Quite a few years ago I sold all of my military rifles to fund something (maybe the mortgage) and I was left with loads of brass and bullets for various calibres but one I missed most of all and I decided to retain it as an option on my Firearms Certificate.
I missed not the rifle (for that was an ugly French girl) but the cartridge the M1929 7.5 French for the MAS 1936. https://en.wikipedia.org/wiki/MAS-36_rifle
Actually the rifle was fun even if the trigger pull was measured in days and not pounds and the best sight picture meant a bruised check or nose from your thumb.
The cartridge was what I felt was missing from my life https://en.wikipedia.org/wiki/7.5%C3%9754mm_French
The cartridge was never developed after acceptance, it was a steady eddy performer right up until it was phased out. Does that mean it was right first time?
Who knows, looking at what could have happened if WW2 had been later in starting the cartridge may have been more widely accepted.
In the spirit of Rigby I decided that the cartridge could be anglicised. I had after all originally had to make brass by necking up the 6.5 x 55 Swedish Brass and it was a good performer in the military chambers.
I felt that we needed to be honest and rather than Anglicise the round just stating what it was made from: a .30 calibre bullet from a 55mm Mauser case.
Thus was born the .30 x 55 or 7.62 x 55.
One of many of the dramas was the reamer. The suppliers in the US failed to use the measurements provided and subsequently any left over brass from my MAS is too fat for the tight chamber.
This meant fire forming 6.5 x 55 Swedish Factory ammo to get the cases right. This means we have mainly used PPU brass as they are the cheapest for the quality of case makers of this round.
Way back in the mid 1990's when I was loading for the MAS 36 managed to get a 148 grain NATO bullet to do 2700 fps using 48 grains of IMR 4895. This was easily on par with the much later 7.62 x 51mm Nato round.
At about the same time the 155 grain Palma bullet was accepted for .308 (I'm going to irritate the cousins as the cartridge is the same, its the loadings that may differ) but when this was being issued to the Military teams some of us were already hand loading 220 grain bullets to stay supersonic at 1000 yards.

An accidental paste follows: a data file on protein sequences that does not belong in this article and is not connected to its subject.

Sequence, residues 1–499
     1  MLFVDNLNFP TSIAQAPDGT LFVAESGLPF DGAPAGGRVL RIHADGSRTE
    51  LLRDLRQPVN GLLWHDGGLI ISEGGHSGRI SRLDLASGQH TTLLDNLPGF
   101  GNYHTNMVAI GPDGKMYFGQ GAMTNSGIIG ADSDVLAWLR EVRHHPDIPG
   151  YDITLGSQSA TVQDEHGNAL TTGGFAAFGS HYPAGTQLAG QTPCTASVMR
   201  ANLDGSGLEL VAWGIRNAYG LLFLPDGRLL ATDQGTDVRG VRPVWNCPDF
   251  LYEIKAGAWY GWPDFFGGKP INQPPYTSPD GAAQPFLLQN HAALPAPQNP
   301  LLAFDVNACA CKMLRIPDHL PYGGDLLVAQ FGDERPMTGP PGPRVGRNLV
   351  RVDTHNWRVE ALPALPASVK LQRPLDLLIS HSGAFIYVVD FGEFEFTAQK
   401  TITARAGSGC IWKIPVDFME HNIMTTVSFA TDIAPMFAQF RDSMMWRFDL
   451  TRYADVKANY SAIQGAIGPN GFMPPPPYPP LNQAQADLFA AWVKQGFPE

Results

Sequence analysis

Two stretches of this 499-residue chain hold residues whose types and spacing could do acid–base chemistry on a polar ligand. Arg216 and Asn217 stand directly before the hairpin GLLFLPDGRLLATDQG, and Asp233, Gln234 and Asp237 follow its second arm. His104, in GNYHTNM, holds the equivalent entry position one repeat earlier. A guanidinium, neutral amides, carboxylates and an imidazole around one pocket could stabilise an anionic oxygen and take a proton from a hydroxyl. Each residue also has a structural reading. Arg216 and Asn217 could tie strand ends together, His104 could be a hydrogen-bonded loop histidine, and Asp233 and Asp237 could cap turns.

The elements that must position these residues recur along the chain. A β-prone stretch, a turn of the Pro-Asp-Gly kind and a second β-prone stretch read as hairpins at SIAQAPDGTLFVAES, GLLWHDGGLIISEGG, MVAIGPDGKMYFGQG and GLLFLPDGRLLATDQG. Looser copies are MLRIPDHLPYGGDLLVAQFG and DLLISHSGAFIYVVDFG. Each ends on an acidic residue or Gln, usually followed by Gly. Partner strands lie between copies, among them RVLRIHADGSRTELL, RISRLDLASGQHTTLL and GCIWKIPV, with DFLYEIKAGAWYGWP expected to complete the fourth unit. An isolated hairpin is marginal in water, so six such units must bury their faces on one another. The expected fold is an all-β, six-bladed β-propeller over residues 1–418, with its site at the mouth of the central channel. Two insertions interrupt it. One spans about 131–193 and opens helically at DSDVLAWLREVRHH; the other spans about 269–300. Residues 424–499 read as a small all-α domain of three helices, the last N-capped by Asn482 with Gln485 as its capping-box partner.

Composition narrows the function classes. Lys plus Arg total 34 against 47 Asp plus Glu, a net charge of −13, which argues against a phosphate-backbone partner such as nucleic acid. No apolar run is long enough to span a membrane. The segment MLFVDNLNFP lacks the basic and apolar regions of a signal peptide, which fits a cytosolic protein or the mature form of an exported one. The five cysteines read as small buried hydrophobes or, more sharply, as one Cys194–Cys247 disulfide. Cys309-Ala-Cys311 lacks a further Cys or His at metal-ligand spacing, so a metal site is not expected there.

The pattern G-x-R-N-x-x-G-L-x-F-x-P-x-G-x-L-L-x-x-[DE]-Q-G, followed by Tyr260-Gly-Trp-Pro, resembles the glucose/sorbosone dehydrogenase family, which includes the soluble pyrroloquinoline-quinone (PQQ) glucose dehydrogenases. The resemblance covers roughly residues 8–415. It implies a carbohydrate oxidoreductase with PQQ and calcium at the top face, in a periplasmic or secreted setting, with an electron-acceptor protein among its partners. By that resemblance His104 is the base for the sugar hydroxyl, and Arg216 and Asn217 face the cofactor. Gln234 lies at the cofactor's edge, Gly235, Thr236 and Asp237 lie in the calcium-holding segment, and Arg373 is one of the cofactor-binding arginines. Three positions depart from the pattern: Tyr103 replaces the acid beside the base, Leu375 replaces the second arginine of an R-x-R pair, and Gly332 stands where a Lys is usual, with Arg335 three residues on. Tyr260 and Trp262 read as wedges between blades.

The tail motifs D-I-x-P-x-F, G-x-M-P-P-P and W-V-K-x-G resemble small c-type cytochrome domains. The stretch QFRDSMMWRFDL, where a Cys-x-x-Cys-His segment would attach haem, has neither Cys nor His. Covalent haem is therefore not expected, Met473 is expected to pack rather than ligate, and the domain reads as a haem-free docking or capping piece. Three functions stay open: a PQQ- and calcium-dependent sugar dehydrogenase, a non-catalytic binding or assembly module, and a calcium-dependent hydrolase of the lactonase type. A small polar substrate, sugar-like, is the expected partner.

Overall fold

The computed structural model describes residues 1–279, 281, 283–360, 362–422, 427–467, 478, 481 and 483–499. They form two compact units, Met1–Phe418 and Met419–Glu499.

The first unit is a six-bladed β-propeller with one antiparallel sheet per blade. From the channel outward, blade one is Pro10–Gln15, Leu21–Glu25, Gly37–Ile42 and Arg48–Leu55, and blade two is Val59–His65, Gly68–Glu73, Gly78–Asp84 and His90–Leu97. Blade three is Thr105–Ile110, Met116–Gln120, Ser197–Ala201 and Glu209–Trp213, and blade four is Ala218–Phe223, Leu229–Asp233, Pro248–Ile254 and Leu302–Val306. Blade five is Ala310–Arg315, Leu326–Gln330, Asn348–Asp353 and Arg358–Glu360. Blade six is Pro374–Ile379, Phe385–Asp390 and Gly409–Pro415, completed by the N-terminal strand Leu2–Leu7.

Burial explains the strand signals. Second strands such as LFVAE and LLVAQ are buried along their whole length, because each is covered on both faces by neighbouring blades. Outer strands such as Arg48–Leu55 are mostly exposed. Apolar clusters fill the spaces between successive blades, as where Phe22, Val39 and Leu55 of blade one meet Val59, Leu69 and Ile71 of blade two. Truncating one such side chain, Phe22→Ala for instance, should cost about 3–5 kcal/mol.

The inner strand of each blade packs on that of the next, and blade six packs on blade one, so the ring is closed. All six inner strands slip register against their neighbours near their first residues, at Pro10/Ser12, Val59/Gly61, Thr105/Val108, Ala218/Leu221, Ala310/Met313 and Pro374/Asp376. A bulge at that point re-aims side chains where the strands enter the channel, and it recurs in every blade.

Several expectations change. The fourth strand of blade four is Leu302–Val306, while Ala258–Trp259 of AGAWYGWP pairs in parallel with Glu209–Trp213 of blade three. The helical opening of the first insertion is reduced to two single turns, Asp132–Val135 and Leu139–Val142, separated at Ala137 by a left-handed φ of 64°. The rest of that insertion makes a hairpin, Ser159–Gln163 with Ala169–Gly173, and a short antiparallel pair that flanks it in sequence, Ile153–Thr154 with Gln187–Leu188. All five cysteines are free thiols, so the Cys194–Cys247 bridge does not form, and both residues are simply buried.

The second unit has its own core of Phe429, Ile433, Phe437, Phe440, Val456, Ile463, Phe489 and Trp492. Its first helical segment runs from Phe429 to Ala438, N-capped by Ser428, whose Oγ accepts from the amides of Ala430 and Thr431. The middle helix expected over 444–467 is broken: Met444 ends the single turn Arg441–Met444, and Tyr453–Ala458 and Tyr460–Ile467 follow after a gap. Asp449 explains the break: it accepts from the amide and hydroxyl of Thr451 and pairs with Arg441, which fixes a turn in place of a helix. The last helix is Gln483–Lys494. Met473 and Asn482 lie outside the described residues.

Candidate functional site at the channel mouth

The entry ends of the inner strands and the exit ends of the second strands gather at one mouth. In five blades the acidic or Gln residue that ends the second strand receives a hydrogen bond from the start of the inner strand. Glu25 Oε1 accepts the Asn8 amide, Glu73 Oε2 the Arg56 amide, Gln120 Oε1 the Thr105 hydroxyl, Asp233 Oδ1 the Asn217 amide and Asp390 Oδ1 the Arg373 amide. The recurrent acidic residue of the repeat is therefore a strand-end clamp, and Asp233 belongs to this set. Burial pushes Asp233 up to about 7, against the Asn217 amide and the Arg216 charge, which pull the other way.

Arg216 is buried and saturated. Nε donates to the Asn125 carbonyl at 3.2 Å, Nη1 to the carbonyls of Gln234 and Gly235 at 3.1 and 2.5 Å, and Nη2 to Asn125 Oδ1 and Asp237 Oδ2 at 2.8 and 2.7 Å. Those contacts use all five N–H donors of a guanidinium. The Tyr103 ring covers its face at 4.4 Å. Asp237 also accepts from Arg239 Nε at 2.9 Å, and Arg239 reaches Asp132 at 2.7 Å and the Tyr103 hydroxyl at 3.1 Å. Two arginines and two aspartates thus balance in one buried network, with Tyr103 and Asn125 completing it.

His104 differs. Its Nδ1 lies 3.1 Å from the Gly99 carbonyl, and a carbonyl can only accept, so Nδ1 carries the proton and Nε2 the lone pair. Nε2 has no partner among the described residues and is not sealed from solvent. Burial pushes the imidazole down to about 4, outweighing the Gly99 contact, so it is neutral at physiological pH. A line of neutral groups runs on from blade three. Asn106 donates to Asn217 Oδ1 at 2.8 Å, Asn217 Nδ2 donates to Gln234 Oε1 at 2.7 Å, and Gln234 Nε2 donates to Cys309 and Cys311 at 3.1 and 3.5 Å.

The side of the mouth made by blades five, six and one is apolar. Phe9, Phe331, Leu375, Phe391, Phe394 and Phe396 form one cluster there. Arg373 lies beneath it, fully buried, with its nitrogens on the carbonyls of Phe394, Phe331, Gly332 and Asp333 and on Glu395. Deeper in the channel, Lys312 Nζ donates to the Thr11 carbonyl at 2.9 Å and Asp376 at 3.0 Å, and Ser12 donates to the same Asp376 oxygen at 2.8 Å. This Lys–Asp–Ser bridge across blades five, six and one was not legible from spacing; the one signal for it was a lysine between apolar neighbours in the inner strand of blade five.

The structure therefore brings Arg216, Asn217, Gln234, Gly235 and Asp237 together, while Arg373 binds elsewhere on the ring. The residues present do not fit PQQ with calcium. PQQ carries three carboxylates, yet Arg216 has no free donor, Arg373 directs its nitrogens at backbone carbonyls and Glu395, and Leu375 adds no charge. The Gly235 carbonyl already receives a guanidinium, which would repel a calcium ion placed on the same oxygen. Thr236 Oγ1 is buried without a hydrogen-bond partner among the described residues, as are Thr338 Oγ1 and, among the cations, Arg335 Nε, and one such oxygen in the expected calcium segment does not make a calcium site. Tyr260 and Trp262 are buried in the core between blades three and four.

As can be expected the Palma match ammo lasted a while before being superseded by 168 grain which seems to be the current load of favour.
Do keep up the Military you are still so last week.
My point has been what would have happened if the M1929 C cartridge had been developed, would it have been a heavier loading and would it still be used in sniping and machine guns?
As for Mr Rigby and his anglicising of the 7x57 Mauser into a 140 grain bullet loaded .275 seemed to have worked. He didn't use the same Mauser action as the 7x57 which was an earlier one so I feel happy by not attempting to source a MAS 36 action for this.
The Remington 700 has become the action of its time, it is the Mauser 98 of this era. A big plus is the BATF don't want to ban its import and its well known by most gunsmiths.
As with Mr Rigby I felt that the original loading isn't what I want, I am still unsure of what that is and as I type the round is still being developed. I have only managed one short testing session so far.
The results are interesting and using my standard load that usually produces 2700 fps the tighter chamber has pushed the same load up to 2900 fps delivering 2780 foot pounds of energy. A lighter bullet of 130 grains with the same powder amount delivers 2960 fps and 2878 foot pounds of energy.
This is more than enough for any game animal on this Island and possibly enough in Europe too.
There is plenty of work still to be done but effectively it is a superb pig or deer cartridge.
Going forward I will be loading it up to 168 grains and beyond. Fitted with the 8x56 Schmidt and Bender it should reach out and touch those I am aiming at!
More details and pictures to follow